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Re: [cdt-dev] Target vs. GDB state & embedded development

On Thu, Oct 2, 2008 at 10:59 AM, Vladimir Prus
<vladimir@xxxxxxxxxxxxxxxx> wrote:
> On Thursday 02 October 2008 12:43:03 Øyvind Harboe wrote:
>> > This is not the model GDB has -- at any given time gdb can wait both
>> > for a target operation to finish *and* accept commands.
>> Sorry. I should have specified that I was talking about the remote
>> protocol.
> Well, CDT knows ideally should not nothing about remote protocol,
> and even then...

It has to know about the remote protocol to the extent that the
remote protocol imposes limitations on CDT.

>> Consider what happens if you try to issue a monitor commands while
>> GDB has issued a continue packet to the remote JTAG server: it
>> can't be serviced.
> ... remote protocol does allows to send further commands while
> continue operation is in progress. I think the patches are in CVS
> already. Of course, your stub probably does not implement this mode.

I recall hearing something about this.

However, it will be *years* until this makes it into all the hardware
debuggers out there so CDT will have to take into account hardware
debuggers that don't support this.

Even with this support, it might make things *more* complicated for
GDB, since it would imply that it was possible to e.g. examine memory
while the target is running and stuff like that...

>> > There are two points:
>> >
>> > 1. Why is target is powered down and needs monitor commands to wake?
>> Why is this any of GDB/CDT's business?
> Because to build a decent UI, it is necessary to provide accurate
> information to UI. 'target remote' is supposed to get you a live
> target, and if JTAG debugger fails to do that, it's not problem of
> GDB or CDT.

The jtag debugger didn't "fail" to do this. The target will be powered up/down
as part of it's normal behaviour. It's not a PC, it's an embedded device.

Specific excamples? Battery powered applications can put targets into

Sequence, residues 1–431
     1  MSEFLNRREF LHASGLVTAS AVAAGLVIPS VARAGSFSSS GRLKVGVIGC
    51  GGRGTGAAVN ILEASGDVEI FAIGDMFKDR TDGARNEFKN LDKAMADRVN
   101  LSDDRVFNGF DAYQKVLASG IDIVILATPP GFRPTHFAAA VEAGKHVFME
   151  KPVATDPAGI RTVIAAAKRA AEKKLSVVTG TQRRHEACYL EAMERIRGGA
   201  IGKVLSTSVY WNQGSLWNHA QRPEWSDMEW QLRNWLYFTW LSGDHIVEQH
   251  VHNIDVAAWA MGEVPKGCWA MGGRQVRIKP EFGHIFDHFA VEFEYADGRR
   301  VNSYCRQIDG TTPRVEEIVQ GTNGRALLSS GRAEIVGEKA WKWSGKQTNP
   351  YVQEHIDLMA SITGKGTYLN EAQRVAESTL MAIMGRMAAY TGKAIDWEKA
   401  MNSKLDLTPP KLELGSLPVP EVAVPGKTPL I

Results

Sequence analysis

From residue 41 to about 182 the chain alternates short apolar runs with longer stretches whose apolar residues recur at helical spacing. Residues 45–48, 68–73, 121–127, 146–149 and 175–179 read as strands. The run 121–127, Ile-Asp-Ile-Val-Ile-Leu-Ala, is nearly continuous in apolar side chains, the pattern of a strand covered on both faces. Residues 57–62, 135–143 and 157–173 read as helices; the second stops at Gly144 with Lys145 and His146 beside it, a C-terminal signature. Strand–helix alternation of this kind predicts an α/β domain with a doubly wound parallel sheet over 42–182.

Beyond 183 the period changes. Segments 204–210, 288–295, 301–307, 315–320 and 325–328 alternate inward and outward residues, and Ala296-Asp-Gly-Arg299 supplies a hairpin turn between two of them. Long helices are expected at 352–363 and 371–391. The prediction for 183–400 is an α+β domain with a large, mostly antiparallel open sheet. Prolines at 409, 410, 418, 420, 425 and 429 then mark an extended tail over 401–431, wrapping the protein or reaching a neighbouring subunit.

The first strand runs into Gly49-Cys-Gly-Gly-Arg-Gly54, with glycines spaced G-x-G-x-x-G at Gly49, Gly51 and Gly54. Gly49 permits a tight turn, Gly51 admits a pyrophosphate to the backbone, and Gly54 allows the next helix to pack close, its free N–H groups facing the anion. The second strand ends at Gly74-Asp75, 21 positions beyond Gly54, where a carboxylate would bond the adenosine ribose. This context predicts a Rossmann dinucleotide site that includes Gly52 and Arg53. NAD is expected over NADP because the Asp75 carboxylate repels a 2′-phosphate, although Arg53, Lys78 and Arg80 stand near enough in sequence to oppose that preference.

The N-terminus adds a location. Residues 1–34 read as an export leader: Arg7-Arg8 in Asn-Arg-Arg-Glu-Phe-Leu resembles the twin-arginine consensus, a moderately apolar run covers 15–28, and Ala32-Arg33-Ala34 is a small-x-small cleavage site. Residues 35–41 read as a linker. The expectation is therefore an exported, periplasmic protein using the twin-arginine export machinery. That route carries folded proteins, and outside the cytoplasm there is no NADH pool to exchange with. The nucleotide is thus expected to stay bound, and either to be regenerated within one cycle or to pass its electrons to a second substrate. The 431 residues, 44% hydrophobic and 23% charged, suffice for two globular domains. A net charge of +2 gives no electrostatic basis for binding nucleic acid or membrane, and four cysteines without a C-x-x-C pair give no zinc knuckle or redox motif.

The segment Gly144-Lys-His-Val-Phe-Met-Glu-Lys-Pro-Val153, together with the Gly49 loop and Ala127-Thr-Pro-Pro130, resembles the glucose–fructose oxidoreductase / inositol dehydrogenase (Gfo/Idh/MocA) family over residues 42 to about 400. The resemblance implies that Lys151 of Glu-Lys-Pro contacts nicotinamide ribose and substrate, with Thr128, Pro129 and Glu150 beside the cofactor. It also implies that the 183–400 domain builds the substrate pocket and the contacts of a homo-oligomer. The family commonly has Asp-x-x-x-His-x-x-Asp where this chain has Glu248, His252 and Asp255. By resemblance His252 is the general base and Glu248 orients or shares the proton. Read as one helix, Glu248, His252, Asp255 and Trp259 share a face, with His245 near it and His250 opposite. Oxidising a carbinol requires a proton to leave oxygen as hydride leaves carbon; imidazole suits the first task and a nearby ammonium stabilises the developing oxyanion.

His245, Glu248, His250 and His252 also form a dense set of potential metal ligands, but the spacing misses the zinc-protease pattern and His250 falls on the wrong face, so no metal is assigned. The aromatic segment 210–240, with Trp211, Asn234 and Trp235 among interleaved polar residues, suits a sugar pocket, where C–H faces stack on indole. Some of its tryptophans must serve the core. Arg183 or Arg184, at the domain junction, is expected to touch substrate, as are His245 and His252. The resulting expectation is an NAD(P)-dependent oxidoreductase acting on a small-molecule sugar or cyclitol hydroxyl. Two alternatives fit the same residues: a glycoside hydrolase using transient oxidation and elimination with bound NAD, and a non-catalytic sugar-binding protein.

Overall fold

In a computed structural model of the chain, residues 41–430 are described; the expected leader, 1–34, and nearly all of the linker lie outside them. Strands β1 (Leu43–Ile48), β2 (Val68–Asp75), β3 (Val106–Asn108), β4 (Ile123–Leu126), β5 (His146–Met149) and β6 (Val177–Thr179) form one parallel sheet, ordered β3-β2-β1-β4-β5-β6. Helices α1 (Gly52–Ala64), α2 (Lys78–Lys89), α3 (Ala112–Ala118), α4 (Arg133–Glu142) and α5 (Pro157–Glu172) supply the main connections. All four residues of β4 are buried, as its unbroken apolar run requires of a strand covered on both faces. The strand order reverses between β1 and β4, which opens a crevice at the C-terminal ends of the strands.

deep sleep where they don't even respond to JTAG communication.
I'm sure there are more. Pressing a physical button on the device revies it
into a running mode. The example is invented and you may argue that
it is contrived, but the point is that the assumption that the target is
live when connecting to it with a debugger is a bad one for embedded

There is nothing wrong, there is nothing that "failed".

>> > 'target remote', or rather the underlying remote protocol, assumes
>> > that we connect to already running program. The remote side should
>> > either arrange for the target to be powered on, or should return
>> > an error.
>> The monitor commands will arrange for this to happen.
>> Otherwise you need some out of band mechanism to do this that
>> will do nothing that can't be done with monitor commands.
> Why JTAG debugger cannot perform power-on when accepting connection
> from GDB?

Because it shouldn't. When to power on and off the target is none of
the JTAG debuggers business. This is in the hands of the developer
and the target/application itself.

> Can you give an example of such monitor commands?

gdb init example:

# power cycle target
monitor power off
monitor power on
monitor sleep 1000
monitor reset init

> Can you clarify what exactly CDT requires, and when, and why is this
> bad thing?

I do owe you that, don't I :-)

I don't have specific examples available *right now*. My next projectlet
with CDT is to figure out why (if this is still the case) that CDT CVS HEAD
and GDB CVS HEAD didn't work together when attaching to a
powered down target.

Øyvind Harboe
ARM7 ARM9 XScale Cortex
JTAG debugger and flash programmer

Free eCos workshop in Oslo October 21!

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